Sunday, March 13, 2011

Conditional Christian?

I fear I have opened a can of worms, and I guess I will now dump them out and have a look.

I was a little bit shocked at some of the comments on my post about an unfriendly church.

Do I need a friendly church in order to worship God?  Nope.  What do I need?  Not much of anything.  Just everything the Church gives me - and that is immeasurable.  Not much else is necessary.

I wonder how many times I have played a starring role in someone's story about some awful woman at mass.  I pray that no one has left the church because of anything I have ever done.  And I would be truly contrite if I knew that I contributed to anyone's ill feeling toward the church.

But I know that ultimately we are all responsible for our own decisions and actions.

The people at my current church aren't friendly.  But ultimately, what does that matter?  I am an adult.  I have the ability to reach out to others if I want to take the risk to do so.    There is a wonderful priest at the church, and that is why I have made the decision, like a reasonable adult, to attend that church instead of the friendly one down the road.

If the friendliness of my fellow parishioners was really that important to me, I would go to my former parish down the road.  But going to mass is not about socializing.  It is not about "feeling good" and getting my ego stroked.  It is about God, not me.

And I would ask that you keep a charitable tone in your comments.  It's God's job to judge, not ours.

Thank you and God bless you all.


  1. As I have said, I think it is entirely possible, and in fact I do manage it myself, to maintain the sacred silence and be receptive to those in need of an ear to listen or a shoulder to cry upon. For a very long time, I got the reaction that you got at the breakfast you attended. I realized that in my own case, my shyness was coming across as aloofness or even snobbiness to people. When I read one of the ways in which St Therese practiced her little way, I decided to give it a try, and that is to smile at people before they smile at me. There are still some who are unmoved, but more often than not, it breaks the ice. One of the hardest things for me was leaving the Anglo-catholic church I attended before coming back "home". It had people who were engaging, ministries that needed my help, beautiful music, exhilarating sermons and an interior conducive to meditation and prayer. But it lacked One Thing - the Real Presence. So by "sacrificing" the music and the aesthetics and the soup kitchen etc I gained something of infinite value. And that's how I choose to look at it. Thanks for posting this.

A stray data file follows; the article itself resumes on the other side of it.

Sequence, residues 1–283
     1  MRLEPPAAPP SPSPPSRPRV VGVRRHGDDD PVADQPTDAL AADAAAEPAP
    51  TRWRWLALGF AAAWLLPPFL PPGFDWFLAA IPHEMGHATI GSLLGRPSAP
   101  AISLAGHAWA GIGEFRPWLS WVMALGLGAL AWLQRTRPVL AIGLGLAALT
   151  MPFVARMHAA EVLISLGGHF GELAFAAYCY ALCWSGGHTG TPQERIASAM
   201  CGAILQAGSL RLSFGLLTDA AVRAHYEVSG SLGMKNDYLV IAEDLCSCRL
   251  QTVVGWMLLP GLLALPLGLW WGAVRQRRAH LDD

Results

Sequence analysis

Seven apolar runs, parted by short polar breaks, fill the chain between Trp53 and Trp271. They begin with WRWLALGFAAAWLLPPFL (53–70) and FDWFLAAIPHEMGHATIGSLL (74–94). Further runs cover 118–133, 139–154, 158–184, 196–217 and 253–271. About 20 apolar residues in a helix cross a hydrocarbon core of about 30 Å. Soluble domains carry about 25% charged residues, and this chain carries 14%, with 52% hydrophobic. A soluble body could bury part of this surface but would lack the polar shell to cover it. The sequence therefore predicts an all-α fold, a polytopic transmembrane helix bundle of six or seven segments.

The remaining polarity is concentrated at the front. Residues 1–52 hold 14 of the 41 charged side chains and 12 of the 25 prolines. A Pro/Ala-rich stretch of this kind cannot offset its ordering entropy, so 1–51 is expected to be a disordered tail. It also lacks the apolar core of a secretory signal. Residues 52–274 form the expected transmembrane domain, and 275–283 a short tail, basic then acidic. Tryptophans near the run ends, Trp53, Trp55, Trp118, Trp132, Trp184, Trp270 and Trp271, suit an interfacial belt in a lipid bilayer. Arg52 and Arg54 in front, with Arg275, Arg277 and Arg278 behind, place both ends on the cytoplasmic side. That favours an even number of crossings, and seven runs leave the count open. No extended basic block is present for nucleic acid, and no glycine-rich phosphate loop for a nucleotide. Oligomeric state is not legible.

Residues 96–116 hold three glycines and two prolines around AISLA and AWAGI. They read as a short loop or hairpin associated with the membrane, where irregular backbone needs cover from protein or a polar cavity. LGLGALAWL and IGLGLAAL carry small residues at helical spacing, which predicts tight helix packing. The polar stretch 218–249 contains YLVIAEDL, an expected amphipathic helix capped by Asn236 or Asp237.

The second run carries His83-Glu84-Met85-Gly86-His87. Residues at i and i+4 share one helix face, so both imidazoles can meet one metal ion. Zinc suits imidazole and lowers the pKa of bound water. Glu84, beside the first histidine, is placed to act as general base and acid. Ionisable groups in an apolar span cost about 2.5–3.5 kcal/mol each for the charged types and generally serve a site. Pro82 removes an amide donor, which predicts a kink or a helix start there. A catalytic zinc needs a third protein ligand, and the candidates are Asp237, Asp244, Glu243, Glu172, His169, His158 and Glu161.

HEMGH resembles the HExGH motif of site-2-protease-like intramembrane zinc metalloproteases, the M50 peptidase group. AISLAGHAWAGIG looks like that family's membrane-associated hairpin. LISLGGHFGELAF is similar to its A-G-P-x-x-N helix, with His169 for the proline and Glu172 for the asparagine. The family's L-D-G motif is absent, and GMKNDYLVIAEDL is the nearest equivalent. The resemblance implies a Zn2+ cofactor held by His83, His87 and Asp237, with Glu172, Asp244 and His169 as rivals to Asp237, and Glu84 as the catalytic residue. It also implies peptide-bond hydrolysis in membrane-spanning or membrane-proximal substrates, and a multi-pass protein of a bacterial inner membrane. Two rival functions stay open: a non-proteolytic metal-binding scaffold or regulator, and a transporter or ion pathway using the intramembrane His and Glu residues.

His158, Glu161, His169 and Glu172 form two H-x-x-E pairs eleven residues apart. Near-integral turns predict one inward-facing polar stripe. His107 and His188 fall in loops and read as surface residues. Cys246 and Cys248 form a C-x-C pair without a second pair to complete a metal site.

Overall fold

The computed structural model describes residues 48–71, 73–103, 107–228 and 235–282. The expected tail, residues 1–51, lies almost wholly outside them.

2. LOL, that thread did get a lot of comments. I may be at the heart of the dispute, or I stated that position first. Sorry. But love thy neighbor is as important a commandment as love God. It dawns on me now from reading Joyce's comment above that perhaps because I'm not an introvert I feel God in the act of friendship, if that makes any sense. And thinking over the Gospels, I don't believe Christ was an introvert either. He brought people into Him. He befriended all sorts of people, tax collectors, prostitutes, Samaritans, etc. What does that teach us? What is that little bit of time after mass to reach oout beyond one's inner core?

    Yikes, I went off again...

  3. btw, I love the new name of the blog!